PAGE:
“  much pained by the disappointment suffered, and, a few days later, telegraphed to Richmond to withdraw my previous recommendation for his promotion, and to request that another be assigned to the command of his corps. Before the receipt of a reply, this officer called at my headquarters — then at the residence of Mr. Overton, six miles from Nashville — and, standing in my presence, spoke an honest avowal of his error, in the acknowledgment that he felt we had lost a brilliant opportunity at Spring Hill to deal the enemy a crushing blow, and that he was greatly to blame. I telegraphed and wrote to the War Department to withdraw my application for his removal, in the belief that, inspired with an ambition to retrieve his shortcoming, he would prove in the future doubly zealous in the service of his country.” The following are the dispatches above referred to:
Major-General Cheatham, for reasons which I will write more fully.
Headquarters, six miles from Nashville, on Franklin pike, December 8, 1864.A good Lieutenant-General should be sent here at once to command the corps now commanded by Major-General Cheatham. I have no one to recommend for the position.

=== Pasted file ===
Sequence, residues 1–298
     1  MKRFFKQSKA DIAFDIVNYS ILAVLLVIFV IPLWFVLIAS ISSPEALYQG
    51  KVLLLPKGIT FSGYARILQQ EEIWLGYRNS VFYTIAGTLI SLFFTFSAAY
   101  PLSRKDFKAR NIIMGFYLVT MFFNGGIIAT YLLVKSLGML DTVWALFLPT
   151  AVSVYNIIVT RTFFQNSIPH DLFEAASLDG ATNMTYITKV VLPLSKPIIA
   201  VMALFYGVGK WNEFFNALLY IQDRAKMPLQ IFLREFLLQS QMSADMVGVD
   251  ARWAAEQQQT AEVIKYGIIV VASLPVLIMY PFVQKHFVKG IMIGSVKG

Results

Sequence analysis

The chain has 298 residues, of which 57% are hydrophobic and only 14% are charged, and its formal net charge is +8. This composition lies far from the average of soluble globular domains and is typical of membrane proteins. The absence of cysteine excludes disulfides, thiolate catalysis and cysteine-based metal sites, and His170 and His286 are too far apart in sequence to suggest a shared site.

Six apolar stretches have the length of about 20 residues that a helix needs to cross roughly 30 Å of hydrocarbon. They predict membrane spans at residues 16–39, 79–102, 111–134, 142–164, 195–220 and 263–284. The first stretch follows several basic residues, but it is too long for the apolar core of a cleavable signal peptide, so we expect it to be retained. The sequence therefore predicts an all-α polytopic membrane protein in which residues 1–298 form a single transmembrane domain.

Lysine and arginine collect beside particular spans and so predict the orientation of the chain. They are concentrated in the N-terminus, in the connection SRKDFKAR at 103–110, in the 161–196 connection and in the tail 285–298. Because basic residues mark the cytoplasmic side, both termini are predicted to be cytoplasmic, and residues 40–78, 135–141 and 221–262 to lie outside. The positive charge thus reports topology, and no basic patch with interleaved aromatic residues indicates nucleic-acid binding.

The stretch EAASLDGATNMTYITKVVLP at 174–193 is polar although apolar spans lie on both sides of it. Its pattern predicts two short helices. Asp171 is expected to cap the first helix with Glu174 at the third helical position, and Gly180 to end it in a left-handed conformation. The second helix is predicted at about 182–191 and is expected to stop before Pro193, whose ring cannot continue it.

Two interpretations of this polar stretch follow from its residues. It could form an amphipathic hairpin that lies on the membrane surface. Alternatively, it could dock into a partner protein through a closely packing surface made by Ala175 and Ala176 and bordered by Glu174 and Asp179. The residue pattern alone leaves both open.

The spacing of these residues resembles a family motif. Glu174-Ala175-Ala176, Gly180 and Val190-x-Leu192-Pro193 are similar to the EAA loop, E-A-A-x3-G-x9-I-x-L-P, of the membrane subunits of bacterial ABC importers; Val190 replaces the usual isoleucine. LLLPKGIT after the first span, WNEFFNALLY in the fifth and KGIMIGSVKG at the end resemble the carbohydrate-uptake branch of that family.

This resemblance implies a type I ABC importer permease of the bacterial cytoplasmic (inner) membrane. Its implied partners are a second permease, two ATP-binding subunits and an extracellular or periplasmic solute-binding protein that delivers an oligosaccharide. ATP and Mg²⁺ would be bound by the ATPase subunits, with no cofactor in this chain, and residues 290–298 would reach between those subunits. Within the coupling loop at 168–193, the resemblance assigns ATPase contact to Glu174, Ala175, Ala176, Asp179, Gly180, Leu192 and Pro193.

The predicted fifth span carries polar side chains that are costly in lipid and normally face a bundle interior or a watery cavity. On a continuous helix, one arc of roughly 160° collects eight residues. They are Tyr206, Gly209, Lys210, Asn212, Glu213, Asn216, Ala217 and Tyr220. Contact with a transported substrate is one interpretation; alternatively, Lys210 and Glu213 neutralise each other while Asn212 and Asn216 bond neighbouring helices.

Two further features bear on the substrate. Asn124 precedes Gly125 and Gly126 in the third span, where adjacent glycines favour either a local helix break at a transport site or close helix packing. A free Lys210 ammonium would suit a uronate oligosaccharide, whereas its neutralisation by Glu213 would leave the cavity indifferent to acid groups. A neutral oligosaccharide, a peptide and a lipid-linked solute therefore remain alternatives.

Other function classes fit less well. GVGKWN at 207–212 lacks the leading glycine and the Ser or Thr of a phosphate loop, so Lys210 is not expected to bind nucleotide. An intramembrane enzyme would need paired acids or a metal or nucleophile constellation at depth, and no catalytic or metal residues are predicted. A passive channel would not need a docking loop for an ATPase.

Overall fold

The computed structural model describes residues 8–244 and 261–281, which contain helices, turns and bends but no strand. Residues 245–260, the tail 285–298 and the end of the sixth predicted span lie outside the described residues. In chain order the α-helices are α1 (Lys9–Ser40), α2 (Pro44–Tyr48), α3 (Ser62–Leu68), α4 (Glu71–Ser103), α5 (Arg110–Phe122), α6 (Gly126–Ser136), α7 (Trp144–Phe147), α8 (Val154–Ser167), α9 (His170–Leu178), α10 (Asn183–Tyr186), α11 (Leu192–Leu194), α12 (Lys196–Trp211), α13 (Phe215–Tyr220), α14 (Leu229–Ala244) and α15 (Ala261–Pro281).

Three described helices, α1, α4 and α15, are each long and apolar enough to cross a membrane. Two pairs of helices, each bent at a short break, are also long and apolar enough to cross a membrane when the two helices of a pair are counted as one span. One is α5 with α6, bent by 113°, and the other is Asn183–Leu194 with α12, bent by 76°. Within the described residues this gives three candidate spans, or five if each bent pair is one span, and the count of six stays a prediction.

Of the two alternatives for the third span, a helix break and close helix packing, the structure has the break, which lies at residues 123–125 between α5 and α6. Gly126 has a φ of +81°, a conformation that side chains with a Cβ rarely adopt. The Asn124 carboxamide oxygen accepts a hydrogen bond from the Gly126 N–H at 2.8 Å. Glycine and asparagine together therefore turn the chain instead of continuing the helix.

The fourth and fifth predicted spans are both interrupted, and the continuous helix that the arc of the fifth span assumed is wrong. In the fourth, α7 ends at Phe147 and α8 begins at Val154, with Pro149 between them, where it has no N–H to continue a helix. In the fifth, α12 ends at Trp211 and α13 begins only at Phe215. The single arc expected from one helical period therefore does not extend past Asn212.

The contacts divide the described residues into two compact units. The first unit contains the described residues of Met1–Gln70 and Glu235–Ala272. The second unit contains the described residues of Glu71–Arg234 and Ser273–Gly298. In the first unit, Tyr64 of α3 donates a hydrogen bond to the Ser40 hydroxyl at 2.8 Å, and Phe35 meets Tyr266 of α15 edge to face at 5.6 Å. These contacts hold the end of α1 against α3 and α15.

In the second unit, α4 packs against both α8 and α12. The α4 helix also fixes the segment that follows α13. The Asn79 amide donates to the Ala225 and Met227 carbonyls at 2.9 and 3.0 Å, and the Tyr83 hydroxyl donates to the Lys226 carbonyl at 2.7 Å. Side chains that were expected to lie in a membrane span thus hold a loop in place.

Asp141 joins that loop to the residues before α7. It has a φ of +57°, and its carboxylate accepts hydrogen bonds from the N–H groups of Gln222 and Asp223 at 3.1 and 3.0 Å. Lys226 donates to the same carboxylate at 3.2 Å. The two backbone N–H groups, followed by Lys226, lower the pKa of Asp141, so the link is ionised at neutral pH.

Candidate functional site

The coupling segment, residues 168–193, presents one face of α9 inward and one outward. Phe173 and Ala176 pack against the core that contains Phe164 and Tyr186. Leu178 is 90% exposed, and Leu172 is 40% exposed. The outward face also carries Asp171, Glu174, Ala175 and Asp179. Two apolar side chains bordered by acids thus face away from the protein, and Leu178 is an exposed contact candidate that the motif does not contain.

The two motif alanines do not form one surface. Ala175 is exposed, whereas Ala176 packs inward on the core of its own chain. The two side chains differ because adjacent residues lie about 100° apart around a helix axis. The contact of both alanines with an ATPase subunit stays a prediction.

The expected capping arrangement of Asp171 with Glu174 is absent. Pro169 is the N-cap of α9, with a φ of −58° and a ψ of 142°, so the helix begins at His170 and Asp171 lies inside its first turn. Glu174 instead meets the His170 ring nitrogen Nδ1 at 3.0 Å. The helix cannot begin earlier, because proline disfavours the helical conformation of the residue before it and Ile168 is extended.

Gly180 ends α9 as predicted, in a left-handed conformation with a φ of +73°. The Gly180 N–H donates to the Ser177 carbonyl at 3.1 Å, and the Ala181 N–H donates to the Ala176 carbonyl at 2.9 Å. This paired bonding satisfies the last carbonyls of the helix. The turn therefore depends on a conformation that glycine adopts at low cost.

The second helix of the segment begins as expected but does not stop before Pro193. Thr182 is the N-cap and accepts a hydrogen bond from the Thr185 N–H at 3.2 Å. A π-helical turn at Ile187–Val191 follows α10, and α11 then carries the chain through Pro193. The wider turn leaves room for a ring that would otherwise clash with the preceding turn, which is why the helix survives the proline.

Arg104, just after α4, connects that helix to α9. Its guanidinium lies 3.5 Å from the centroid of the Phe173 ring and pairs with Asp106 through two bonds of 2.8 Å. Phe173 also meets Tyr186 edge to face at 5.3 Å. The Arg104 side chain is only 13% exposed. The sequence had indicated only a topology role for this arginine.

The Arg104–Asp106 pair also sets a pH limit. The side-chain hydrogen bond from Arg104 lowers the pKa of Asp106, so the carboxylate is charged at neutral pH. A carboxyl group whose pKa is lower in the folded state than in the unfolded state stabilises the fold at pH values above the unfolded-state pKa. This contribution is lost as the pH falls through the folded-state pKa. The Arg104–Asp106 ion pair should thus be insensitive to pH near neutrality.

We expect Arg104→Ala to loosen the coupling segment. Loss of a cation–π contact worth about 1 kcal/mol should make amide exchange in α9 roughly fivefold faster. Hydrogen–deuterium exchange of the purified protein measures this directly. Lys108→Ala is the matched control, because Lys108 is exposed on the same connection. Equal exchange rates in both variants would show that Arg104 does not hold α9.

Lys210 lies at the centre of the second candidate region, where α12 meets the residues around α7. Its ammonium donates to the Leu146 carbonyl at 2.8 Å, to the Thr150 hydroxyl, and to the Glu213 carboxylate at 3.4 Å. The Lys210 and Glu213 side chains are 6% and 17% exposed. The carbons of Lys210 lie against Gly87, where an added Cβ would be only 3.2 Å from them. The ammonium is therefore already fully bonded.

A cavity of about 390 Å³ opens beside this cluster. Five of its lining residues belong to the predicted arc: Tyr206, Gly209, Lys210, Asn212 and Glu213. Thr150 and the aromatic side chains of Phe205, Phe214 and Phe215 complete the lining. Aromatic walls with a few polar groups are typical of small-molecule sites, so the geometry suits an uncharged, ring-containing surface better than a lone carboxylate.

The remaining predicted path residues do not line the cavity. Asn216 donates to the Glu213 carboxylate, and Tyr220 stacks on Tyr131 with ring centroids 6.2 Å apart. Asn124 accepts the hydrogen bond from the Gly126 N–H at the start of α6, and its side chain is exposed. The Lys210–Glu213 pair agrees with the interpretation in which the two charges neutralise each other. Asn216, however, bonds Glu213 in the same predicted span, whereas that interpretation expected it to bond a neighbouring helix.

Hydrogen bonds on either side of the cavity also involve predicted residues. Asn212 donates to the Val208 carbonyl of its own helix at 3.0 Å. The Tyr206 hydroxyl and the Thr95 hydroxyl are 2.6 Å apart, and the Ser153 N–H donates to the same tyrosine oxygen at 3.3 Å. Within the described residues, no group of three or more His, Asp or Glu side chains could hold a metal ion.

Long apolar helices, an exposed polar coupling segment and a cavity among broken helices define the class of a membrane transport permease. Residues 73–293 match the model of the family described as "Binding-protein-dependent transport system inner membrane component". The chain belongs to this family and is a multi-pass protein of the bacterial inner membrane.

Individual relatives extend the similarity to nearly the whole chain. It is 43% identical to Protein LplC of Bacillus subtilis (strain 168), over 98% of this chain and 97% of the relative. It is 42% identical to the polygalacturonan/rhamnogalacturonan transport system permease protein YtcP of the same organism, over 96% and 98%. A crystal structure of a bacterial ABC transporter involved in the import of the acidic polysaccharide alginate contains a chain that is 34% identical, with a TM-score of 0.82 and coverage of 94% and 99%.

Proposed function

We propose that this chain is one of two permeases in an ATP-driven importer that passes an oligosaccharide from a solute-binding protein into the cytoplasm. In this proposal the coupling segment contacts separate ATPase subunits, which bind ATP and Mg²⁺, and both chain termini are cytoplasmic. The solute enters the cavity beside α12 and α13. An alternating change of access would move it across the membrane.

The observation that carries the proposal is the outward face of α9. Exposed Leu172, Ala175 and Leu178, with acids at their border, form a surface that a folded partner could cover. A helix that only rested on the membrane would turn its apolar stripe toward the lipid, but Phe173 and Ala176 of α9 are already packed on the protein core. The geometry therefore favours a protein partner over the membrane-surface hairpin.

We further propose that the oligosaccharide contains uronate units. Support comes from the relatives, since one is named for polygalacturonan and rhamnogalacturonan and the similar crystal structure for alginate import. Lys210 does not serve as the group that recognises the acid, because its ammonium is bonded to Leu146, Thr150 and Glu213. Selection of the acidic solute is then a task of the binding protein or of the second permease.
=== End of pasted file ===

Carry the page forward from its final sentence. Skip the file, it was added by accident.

Hon. James A. Seddon, Secretary of War; General G. T. Beauregard, Macon, Ga.:
Major-General Cheatham made a failure on the 30th of November which will be a lesson to him. I think it best he should remain in his position for the present. I withdraw my telegrams of yesterday and to-day on this subject.
On the 11th of December I wrote to Hon. Mr. Seddon: * * * Major-General Cheatham has frankly confessed the great error of which he was guilty, and attaches much blame to himself. While his error lost so much to the country, it has been a severe lesson to him, by which he will profit in the future. In consideration of this, and of his previous conduct, I think that it is best that he should retain for the present the command he now holds. * * * *--[Advance and Retreat, pp. 289, 290.